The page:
After arguing for the priority of preaching, the majority of Preaching and Preachers is devoted to discussing the nature of preaching, the preacher, the sermon, the congregation, and practical implications for each of these aspects. Lloyd-Jones’ experience and wisdom in these area are invaluable for anyone who cares about preaching. It is important to note that Lloyd-Jones does not believe preaching can be taught. The purpose of this book is not to prescribe a particular method which, if followed, would result in powerful sermons. Rather, the purpose of the practical section of this book is to help the preacher become a more faithful expositor.
The main practical point of Preaching and Preachers is that all true preaching is expository. Sermons should be based on a text of Scripture and should adequately reflect the main point of that particular text. Lloyd-Jones says, “You must be expository; and in any case my whole argument is that it should be clear to people that what we are saying is something that comes out of the Bible” (75). God calls preachers not to preach their own ideas, but to preach the Spirit-inspired Word. Lloyd-Jones powerfully argues that preachers must be honest with the text of Scripture, and not twist God’s Word to say something that the preacher really wants to say. He says, “You must take your text in its context, and you must be honest with it” (201).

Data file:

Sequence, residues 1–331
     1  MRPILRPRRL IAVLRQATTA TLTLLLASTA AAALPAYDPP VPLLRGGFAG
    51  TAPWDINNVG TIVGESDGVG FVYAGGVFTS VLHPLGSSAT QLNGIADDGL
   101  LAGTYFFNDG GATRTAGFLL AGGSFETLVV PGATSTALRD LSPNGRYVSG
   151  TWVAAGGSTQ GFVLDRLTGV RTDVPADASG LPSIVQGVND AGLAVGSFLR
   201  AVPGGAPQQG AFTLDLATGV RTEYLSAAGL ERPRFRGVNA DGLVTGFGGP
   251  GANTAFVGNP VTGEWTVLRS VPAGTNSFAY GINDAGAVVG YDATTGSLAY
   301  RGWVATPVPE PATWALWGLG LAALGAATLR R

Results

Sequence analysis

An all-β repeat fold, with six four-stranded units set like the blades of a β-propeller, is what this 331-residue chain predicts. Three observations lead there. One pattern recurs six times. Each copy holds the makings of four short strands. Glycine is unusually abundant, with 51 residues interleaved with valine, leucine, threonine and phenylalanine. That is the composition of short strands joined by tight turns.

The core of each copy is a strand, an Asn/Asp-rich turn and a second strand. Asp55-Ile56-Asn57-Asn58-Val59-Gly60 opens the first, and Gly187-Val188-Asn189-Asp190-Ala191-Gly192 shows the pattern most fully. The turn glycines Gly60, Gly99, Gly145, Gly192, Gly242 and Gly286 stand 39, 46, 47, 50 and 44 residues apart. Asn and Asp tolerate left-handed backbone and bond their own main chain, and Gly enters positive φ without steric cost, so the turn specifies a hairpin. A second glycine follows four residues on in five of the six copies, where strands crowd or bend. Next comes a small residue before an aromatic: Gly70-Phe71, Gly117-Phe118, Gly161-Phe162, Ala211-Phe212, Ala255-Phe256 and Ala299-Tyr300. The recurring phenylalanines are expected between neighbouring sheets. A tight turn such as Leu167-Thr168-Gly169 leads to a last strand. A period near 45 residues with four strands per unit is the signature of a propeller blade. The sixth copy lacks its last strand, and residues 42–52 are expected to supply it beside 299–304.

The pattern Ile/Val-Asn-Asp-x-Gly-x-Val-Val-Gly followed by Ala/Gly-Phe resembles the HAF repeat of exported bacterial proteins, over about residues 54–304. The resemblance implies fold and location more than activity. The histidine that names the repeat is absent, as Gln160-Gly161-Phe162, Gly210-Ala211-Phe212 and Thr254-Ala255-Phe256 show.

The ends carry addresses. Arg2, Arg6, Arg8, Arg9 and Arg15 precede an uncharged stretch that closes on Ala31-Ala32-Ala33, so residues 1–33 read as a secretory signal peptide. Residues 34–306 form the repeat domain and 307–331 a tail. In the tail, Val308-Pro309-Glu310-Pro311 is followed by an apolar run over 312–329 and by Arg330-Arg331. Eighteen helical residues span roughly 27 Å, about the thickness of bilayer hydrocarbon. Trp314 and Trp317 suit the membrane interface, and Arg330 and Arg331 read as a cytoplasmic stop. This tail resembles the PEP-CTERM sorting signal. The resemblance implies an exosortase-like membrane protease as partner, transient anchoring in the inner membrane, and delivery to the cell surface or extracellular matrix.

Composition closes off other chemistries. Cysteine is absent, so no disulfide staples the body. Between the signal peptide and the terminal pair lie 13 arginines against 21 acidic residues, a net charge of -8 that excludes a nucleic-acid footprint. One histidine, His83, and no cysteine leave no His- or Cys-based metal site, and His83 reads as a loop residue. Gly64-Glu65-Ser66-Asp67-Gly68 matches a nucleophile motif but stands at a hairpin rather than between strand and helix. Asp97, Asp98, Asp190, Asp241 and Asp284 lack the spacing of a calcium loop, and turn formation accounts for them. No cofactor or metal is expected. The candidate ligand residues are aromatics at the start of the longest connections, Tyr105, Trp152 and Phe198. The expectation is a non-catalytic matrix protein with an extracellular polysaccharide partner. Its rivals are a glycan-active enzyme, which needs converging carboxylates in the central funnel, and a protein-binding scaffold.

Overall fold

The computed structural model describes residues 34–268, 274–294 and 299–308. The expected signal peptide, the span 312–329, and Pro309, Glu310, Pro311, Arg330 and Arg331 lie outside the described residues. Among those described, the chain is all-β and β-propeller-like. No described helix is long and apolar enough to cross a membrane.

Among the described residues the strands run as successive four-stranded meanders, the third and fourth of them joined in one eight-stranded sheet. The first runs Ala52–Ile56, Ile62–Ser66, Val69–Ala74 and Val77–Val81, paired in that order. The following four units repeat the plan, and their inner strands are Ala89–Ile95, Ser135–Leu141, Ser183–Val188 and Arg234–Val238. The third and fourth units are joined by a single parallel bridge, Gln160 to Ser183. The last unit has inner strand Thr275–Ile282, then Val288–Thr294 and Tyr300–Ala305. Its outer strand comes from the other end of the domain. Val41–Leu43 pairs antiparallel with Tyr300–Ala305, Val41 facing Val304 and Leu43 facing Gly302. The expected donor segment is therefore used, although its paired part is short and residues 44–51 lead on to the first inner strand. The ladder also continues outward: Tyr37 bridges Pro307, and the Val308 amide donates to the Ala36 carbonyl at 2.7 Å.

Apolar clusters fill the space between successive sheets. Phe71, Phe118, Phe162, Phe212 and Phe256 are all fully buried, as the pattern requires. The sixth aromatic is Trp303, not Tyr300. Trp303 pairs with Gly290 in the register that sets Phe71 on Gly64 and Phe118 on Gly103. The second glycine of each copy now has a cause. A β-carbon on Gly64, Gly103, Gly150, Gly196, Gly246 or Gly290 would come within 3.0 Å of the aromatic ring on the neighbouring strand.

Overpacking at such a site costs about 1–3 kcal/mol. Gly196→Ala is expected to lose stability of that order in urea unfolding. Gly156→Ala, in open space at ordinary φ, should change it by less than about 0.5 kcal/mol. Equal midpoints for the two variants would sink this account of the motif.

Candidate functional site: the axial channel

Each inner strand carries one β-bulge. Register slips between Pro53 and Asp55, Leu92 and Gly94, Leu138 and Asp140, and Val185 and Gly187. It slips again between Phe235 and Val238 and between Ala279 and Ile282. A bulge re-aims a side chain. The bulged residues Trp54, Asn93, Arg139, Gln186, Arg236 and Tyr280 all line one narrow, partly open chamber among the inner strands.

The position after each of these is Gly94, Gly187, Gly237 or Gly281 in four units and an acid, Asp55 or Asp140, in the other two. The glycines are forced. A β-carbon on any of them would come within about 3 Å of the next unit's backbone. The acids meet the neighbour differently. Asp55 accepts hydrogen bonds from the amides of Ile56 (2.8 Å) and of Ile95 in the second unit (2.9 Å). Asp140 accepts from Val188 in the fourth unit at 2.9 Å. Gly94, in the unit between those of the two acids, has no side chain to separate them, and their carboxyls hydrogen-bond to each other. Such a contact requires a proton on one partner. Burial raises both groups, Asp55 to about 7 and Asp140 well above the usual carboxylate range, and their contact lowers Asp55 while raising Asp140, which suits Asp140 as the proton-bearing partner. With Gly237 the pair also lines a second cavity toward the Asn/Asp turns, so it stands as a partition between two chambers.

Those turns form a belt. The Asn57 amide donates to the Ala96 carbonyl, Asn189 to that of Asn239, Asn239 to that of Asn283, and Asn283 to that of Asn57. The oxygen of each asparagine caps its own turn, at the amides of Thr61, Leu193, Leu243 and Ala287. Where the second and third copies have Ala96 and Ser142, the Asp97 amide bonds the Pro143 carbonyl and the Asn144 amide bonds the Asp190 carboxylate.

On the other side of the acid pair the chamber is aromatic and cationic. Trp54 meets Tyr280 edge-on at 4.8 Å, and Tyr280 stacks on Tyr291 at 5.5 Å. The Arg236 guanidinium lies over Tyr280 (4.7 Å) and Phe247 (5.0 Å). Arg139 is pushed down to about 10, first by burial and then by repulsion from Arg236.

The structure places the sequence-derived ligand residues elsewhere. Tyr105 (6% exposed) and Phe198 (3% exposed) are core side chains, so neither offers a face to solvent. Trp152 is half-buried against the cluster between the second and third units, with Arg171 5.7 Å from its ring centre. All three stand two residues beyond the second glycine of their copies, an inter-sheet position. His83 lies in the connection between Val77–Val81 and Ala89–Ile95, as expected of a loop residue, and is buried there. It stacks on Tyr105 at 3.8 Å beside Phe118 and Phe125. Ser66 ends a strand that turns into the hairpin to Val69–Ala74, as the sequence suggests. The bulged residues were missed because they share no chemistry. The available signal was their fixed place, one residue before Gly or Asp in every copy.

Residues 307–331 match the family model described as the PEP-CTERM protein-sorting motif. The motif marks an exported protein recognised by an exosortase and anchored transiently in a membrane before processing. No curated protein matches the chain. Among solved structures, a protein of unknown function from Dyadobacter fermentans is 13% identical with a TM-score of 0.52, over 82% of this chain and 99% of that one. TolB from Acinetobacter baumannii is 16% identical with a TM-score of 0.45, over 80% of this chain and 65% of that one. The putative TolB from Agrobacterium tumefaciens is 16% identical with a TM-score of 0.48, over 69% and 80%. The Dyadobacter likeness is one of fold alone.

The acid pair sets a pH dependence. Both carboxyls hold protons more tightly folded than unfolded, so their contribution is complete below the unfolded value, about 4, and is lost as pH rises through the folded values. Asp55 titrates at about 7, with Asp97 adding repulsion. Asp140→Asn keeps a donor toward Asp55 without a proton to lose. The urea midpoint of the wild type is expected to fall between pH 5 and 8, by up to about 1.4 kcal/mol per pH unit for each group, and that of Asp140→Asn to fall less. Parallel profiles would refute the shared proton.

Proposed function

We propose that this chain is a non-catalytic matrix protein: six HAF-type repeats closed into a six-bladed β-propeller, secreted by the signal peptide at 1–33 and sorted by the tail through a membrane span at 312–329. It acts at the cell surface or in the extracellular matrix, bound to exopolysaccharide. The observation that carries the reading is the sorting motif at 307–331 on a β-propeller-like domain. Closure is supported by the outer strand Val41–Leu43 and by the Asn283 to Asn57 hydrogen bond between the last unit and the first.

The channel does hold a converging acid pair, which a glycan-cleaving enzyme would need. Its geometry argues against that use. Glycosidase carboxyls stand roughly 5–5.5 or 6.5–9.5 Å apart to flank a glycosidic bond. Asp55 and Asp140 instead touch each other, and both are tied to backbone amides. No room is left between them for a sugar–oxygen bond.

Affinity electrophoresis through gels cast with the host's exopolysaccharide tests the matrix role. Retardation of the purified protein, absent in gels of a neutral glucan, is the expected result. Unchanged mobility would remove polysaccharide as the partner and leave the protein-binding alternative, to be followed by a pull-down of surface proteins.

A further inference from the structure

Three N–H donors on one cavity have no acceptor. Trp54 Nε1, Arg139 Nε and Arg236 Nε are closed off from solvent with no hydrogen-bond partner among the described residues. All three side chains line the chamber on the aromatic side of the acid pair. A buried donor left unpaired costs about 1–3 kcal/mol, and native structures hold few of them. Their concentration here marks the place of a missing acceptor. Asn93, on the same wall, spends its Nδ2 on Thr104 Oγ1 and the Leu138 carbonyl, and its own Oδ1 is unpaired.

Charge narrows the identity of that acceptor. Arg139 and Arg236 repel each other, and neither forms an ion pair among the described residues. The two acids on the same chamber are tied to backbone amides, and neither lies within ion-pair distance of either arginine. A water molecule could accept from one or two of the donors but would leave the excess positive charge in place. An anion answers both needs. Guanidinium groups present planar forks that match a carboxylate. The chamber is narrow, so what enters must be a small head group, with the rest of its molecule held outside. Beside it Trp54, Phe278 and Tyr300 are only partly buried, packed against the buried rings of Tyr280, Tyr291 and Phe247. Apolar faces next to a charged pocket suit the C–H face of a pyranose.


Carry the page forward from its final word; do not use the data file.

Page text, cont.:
Of the many practical issues discussed in Preaching and Preachers, the section on the preparation of the preacher is among the most helpful. Lloyd-Jones declares, “The preacher’s first and most important task is to prepare himself, not his sermon” (166). Lloyd-Jones suggests about five specific areas of the preacher’s preparation. First, he says the preacher must maintain a general discipline in his life. The preacher is not to float along; rather, the preacher must utilize his time, energy, and effort wisely. Second, the preacher must safeguard his mornings. The preacher must fight to maintain consistent and undistracted study times in the mornings. However, Lloyd-Jones does have a word about the importance of knowing oneself and knowing the best times to study, which may vary from person to person. Third, the preacher must maintain a life of prayer, which is vital to his successes in preaching. Fourth, preachers should read and study the Bible daily and systematically. The preacher should not just read the Bible in order to get sermons; he should read to feed his own soul. Finally, Lloyd-Jones discusses other types of reading the preacher should be engaged in. The preacher should be reading devotional literature, other sermons, and a balance of history, theology, and biography.